A team of University of Queensland researchers will join forces with 40 other organisations to form a new cooperative research centre (CRC), set to improve offshore renewable energy production.
The Blue Economy CRC is a $329 million research project that combines seafood, renewable energy and offshore engineering for the first time.
It is underpinned by a $70m cash investment from the Australian government.
Offshore Engineering program leader and UQ researcher Professor Chien Ming Wang said the funding will be delivered over 10 years to support innovative solutions and transform the way we utilised our oceans.
“Australia has some of the world’s best wind, wave and tidal resources, which have enormous potential to deliver energy to support offshore operations, such as fish farms, and exportable renewable energy,” said Wang.
“Fish farm operators worldwide are moving their farms offshore to take advantage of larger sea space and better water quality to produce healthier fish for a better seafood industry.
“This funding allows us to take our research further and develop infrastructure that can withstand the offshore environment, are commercially viable and can deliver competitive energy solutions for offshore production systems,” said Wang.
The centre will include 50 postdoctoral fellowships, as well as 50 PhD scholarships spread across five different research areas.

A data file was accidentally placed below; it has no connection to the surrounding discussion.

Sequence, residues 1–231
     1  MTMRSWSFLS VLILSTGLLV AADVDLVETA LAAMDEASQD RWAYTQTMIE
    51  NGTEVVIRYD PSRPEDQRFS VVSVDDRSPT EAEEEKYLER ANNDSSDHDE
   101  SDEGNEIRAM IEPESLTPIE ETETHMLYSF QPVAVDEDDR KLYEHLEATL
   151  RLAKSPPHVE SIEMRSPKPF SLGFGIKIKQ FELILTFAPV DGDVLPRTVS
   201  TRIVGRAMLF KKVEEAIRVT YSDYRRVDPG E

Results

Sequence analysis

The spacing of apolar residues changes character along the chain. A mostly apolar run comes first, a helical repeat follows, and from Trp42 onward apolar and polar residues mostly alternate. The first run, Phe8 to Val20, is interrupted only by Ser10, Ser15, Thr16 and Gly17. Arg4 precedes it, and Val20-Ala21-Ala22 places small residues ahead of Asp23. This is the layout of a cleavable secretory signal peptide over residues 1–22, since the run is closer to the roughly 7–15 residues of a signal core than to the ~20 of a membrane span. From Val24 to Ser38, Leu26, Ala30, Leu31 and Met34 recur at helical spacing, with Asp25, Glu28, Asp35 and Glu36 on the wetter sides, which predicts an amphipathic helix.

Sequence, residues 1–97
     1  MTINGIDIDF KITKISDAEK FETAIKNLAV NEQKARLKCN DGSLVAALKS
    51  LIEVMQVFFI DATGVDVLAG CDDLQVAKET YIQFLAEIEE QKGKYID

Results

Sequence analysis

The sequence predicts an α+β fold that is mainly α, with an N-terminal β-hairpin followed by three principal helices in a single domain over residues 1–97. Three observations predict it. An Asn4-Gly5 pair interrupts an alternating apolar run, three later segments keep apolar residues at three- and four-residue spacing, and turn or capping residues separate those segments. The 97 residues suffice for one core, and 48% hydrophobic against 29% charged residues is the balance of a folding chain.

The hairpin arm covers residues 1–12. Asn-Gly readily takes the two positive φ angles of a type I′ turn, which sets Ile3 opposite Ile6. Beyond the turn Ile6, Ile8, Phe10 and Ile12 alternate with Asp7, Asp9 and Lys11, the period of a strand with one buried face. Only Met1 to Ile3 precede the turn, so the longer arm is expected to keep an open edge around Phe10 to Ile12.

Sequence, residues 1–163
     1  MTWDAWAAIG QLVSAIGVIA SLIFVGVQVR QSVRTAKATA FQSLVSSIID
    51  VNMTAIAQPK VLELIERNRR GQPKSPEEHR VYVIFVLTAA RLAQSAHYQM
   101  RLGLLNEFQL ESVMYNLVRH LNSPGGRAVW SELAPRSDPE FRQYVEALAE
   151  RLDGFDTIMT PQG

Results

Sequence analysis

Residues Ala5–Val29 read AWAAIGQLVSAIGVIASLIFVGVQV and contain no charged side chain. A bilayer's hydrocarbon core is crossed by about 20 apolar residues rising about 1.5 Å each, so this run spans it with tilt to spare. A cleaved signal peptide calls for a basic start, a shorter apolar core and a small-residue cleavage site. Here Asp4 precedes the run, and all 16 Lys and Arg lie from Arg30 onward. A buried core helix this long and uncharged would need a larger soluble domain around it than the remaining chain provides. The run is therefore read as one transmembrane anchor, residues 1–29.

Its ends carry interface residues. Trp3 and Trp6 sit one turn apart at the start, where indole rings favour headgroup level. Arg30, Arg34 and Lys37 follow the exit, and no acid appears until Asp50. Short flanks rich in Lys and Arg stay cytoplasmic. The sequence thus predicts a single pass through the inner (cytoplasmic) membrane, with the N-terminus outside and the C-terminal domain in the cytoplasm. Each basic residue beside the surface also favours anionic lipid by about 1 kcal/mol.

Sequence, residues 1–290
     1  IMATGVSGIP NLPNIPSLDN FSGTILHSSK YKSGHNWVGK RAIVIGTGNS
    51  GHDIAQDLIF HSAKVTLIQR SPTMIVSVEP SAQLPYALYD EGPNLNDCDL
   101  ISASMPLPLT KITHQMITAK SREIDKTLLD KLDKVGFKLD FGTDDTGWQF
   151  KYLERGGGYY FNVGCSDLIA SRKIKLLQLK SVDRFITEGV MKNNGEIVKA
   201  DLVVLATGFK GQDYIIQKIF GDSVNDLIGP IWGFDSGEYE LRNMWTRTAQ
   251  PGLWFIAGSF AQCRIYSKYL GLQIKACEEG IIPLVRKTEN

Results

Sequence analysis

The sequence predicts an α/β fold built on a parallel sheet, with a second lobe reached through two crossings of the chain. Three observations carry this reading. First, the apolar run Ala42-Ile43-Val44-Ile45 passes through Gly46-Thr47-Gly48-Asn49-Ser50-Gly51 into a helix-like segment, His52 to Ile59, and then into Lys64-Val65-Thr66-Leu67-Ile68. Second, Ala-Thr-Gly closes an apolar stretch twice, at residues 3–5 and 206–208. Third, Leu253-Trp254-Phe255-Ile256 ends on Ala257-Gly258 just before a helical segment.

The CRC five distinct research areas include offshore engineering and technology, seafood and marine products, marine renewable energy, environment and ecosystems, and governance, policy, business development and communication.
Deputy Program Leader for Environment and Ecosystems and UQ researcher Dr Remo Cossu said the project has support from research organisations and industry.
“This support demonstrates both the pressing need and wide-spread determination to work together towards sustainable food and energy production solutions in the marine environment.”
School of Civil Engineering Senior Lecturer Dr Ilje Pikaar said the CRC also highlighted the importance of interdisciplinary research in order to tackle major challenges like climate change and development of sustainable food systems.
“Equally important, it is also a testimony for the research excellence and the strong collaboration across several UQ schools, faculties and institutes,’ said Pikaar.